Jesse Jones was born on April 5, 1874, just nine years after the end of the Civil War, and grew up on his family’s prosperous tobacco farm in Robertson County, Tennessee. Although the Joneses would eventually live in one of the grandest homes outside of Nashville, poverty surrounded them. Jesse’s father, William, always kept the farm’s smokehouse doors open so their struggling neighbors could help themselves when food was scarce. Jesse’s Aunt Nancy, who moved in with the Joneses after his mother died when he was six, always kept track of who took food so she could make sure they were eventually repaid. From their charitable but frugal example, young Jesse saw that a loan worked better than a handout and that most neighbors honored their obligations when given sufficient time. When able, they helped others. Jesse saw how his family’s beneficence helped his community, and with enormous success and unparalleled influence, he applied these early lessons throughout his life in business, public service and philanthropy.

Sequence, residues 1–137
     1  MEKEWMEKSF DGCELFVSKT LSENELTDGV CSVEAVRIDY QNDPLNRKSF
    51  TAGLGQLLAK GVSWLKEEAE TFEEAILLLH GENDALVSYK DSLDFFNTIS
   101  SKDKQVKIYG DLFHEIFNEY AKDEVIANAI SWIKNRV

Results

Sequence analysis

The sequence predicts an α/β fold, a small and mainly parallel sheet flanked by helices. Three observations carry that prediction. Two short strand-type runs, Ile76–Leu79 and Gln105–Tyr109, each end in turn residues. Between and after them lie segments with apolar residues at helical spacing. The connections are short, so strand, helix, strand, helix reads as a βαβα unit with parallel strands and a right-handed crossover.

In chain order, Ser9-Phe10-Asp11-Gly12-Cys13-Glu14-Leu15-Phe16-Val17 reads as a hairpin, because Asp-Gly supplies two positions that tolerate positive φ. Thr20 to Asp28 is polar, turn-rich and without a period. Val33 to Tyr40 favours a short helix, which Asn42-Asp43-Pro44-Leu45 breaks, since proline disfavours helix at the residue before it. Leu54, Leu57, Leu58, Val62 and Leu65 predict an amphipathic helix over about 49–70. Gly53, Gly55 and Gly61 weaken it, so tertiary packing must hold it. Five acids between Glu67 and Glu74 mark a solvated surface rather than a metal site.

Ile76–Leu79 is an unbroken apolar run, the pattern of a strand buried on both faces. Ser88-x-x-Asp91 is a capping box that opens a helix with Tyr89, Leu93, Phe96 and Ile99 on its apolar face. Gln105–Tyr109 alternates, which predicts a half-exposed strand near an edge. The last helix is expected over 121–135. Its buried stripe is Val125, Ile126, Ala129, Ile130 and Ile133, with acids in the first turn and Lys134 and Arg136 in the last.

At age 20, Mr. Jones moved from Tennessee to Dallas to work at his uncle M. T. Jones’s largest lumberyard. M. T. owned sawmills, lumberyards and timberland throughout Texas and lived in Houston, the home base of his vast operations. Mr. Jones would later recall in a speech, “It may be that my uncle and I were too much of the same temperament to be entirely congenial, but after he found that I had energy and interest for business, as well as for play, we got on better and, I am glad to say, were fast friends long before he died at St. Paul’s Sanitarium in June 1898. In fact, he named me one of his executors and that took me to Houston, the headquarters of his business.”

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